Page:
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Threads of Fate
Platform:  Playstation
# of Players:  1
Developer:  Squaresoft
Publisher:  Squaresoft
Features:  Analog control, Vibration Function
Ratings:  Everyone
Memory Req.:  1 block
Squaresoft seems determined to make you forget all about its great Super Nintendo games. Threads of Fate is an action RPG split into two separate storylines with two playable characters. It's also one of the best games for the Playstation this year. Usually 3D RPGs leave me a bit cold with their mainly blocky looking characters and environments, but the characters and environments here are for the most part easy on the eyes and full of life. The game has a relic-hunting quest that owes a bit to the early Final Fantasy games, uses a menu ring system similar to the one in Secret of Mana, and some of the action scenes are a bit similar to Brave Fencer Musashi (without the awful Saturday morning cartoon aftertaste.). But somehow the game doesn't seem very derivative at all. It's nowhere as difficult as Vagrant Story, or as complicated as Saga Frontier 2 or Legend of Mana, but this makes it all the more accessible to anyone looking for a solid, fun adventure game.

You can play as either the shape shifter Rue or the ring-wielding sorceress Mint, and they both have their own motivations in the game. Rue wants the relic in order to bring his guardian back to life, while Mint is out for a little revenge against her hated sister, and then- "It's World Domination Time!" You'd think that with all this drama, the game would be full of the overly bombastic angst and "Why me?" whining that's part and parcel of RPGs. but ToF is full of humor and a nice sense of adventure to go along with its doses of drama. Mint's quest is the fun one, full of pratfalls and magic, while Rue's journey is the more serious of the two. Like in any adventure game, you'll meet a host of non-player characters who'll dole out advice, hints, subquests and even a bit of danger, but here there's a certain style in the game's artwork and animation that gives them a special liveliness.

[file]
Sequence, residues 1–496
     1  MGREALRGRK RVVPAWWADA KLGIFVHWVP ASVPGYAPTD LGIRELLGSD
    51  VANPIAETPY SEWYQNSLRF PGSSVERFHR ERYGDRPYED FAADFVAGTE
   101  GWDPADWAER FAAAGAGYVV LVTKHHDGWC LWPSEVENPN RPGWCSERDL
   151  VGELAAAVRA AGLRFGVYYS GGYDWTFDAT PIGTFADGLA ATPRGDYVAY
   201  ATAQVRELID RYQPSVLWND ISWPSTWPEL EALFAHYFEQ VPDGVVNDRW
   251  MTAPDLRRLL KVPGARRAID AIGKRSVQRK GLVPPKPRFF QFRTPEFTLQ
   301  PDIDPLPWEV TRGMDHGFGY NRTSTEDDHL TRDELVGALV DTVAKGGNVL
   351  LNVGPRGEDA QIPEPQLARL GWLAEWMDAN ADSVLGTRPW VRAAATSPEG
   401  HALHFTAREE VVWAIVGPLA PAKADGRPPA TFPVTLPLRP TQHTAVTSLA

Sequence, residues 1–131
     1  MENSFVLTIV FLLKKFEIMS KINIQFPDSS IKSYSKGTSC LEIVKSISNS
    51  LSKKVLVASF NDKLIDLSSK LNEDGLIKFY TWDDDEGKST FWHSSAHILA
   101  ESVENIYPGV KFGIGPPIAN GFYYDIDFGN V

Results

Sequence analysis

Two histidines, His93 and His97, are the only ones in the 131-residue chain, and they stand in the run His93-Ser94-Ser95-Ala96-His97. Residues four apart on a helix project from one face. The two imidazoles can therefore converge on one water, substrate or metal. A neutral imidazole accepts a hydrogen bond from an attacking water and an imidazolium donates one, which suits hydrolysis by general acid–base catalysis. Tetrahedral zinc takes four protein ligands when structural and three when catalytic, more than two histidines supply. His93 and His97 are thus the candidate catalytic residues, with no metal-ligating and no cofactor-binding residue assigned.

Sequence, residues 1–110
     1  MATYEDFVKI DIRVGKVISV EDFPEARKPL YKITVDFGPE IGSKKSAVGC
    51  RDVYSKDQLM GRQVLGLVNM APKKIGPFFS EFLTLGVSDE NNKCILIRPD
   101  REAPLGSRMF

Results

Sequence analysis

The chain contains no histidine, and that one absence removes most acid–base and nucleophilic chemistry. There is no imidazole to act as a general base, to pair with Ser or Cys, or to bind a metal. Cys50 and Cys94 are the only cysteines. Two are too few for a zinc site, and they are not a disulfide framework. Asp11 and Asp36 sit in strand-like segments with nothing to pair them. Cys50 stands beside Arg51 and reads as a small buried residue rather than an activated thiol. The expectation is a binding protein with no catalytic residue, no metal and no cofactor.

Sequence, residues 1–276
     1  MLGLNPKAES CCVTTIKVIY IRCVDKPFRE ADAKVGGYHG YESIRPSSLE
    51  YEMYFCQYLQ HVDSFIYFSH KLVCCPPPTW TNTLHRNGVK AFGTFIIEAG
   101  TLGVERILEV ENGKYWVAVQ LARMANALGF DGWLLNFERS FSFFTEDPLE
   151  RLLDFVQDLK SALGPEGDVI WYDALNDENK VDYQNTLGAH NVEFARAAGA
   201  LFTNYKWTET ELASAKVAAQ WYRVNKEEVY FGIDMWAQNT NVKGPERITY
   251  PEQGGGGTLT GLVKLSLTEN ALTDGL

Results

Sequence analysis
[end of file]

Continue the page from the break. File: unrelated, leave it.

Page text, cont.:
The two main characters will meet throughout the game in slightly different areas and events throughout the game, so it's actually worth the time to play through both adventures. The cool thing is that if you save the first game to a memory card, and clear it again, you get to start the game over with your characters powered up as they were at the end of the first game! And the gameplay is so great, you won't mind playing this one over again. Although the game world is in full 3D, each area has an invisible boundary, so it's impossible to get lost or stuck, and the game's puzzles aren't too mind-bending. You'll have to use Rue's ability to collect "monster coins" and transform into enemies in order to get through some areas, while Mint prefers the brute force approach her magic gives her. Of course, most of the time she ends up falling on her overconfident face, but like Tron Bonne, Mint is a villain you'll really grow attached to. The small touches of humor in Rue's adventure come from his encounters with Mint, and the impressions some of the other characters in the game have about him.

Speaking of impressions, the graphics are really something special, with an amazing amount of detail all around, and a controllable camera in certain areas. Careful exploration pays off, as in certain locations you'll discover hidden items to aid you in your quest. The control is amazingly precise, and only the terminally clumsy will have any major problems with it. The music is also as rich as the graphics, and if you're into game soundtracks, this is one worth seeking out. Hardcore console RPG players might find the lack of difficulty a problem, but ToF is one of those great games that becomes a joy to play because all the other elements fit together so smoothly. Now that I think about it, forget what I said in the first sentence of this review- Squaresoft is continuing it's tradition of producing some of the best quality RPGs on any home console bar none, and Threads of Fate is one of the best games it's done this year.

Greg Wilcox

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